With overwork, redundancy and the current economic downturn exposing employees to unhealthy levels of stress, many people are turning to drugs and alcohol as a means of escape.

Up to 14 million working days are lost annually because of alcohol-related problems, costing British industry an estimated £2 billion a year.

Doctor Marco Procopio, head of the Addictions Treatment Programme (ATP) at The Priory Clinic in Hove, said: "Britons work longer hours than anyone else in Europe which has a direct impact on health.

"Many people feel they deserve a drink at the end of a hard days work but, for some with addictive tendencies, its the worst thing they can do.

"It is better to avoid nicotine, tranquillisers, caffeine and too much alcohol rather than increasing them."

Signs of problems with alcohol can include early morning drinking, hiding alcohol at home or in the workplace and drinking alone.

Other early indicators of potential addiction problems can be preoccupation with the "next drink" or drug, alongside diminished work performance.

Some major companies provide access to support services for employees, while many workers are left to find help and treatment for themselves.

The Priory Clinic offers residential programmes which give each person an individual treatment plan which may include detoxification, individual counselling, group therapy, coping mechanisms for abstinence, and attendance at 12-step AA meetings.

On November 21, the Priory Clinic will be offering a free seminar to occupational health professionals on how to recognise stress in the workplace.

Dr Procopio said: "The earlier the damaging effects of stress are dealt with, the better. The consequences of addiction can be devastating for everyone."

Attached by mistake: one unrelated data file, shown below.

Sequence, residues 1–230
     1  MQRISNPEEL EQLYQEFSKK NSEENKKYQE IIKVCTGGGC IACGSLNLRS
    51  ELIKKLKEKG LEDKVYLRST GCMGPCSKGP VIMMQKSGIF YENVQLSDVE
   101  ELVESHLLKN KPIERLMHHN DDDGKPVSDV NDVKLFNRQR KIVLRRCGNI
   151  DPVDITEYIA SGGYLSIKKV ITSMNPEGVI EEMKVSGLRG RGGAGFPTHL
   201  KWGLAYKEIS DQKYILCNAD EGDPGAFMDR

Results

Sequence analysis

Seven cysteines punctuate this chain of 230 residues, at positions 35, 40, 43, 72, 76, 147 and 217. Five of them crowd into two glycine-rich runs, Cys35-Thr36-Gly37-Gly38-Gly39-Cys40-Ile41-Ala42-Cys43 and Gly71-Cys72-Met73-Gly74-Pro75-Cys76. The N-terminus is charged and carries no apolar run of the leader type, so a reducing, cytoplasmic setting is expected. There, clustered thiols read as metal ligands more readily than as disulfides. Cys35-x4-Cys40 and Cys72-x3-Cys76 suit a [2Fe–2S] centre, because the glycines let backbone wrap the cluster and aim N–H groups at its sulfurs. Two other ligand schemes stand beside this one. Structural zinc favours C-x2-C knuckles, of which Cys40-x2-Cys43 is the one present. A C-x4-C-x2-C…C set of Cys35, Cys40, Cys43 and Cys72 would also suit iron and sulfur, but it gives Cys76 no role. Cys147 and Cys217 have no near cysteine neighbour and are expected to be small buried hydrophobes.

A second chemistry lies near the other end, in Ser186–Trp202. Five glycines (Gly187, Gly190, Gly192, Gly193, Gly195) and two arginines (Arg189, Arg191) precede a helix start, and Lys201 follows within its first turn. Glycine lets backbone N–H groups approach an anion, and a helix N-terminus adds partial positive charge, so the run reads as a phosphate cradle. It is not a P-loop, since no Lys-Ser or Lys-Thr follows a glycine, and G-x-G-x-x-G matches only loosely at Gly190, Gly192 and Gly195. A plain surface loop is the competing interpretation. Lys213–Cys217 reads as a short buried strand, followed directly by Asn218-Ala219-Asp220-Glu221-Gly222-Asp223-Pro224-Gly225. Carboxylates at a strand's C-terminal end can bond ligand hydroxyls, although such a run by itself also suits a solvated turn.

Anxiety is a feeling of apprehension or fear that lingers. The source for this uneasiness is not always known or recognized which adds to the distress.

Health experts say stress in small quantities can be good as it can make a person more productive. For example, the fear of a bad grade can make a student study harder.

Too much stress is unhealthy and counterproductive.

Persistent and unrelenting stress is called anxiety.

Anxiety is an emotion often accompanied by various physical symptoms.

These can include twitching or trembling, muscle tension, headaches, sweating, dry mouth or difficulty swallowing.

Some people also report dizziness, a rapid or irregular heart rate and increased rate of respiration.

Fatigue, irritable mood, sleeping difficulties, decreased concentration, sexual problems and nightmares are also common.

Some people are more sensitive to stress and are more likely to develop anxiety disorders or addictive problems with drink and drugs.

This can be caused either by genetic predispositions or by previous (particularly early childhood) exposure to certain stresses.

Other times it is simply a question of how stressful the current environment is.

Health experts also say stress can make back problems worse and vice versa.

They have issued a set of guidelines aimed at preventing problems developing from sitting at a desk for long periods.

The first piece of advice is to stop slouching. The spine gets its strength from its Sshape.

Whether you are standing up, sitting or lying down, you should make sure the back keeps this natural curve.

People who use the phone a lot are advised to wear a telephone headset. Cradling the phone between neck and shoulder causes severe muscle tension.

Your work station should be set up to suit you. You should be able to reach everything without stretching and items such as the computer screen should be at the right height.

Get rid of clutter on your desk and do not stretch and twist to reach things.

You should be able to stetch your legs out under your desk without any trouble.

If working in a static position, take a short break and move around every 20 minutes.

Occasionally standing up to take a phone call can also help.

The Priory Clinic is based at 22-24 Sackville Gardens, Hove, and can be contacted on 01273 747464.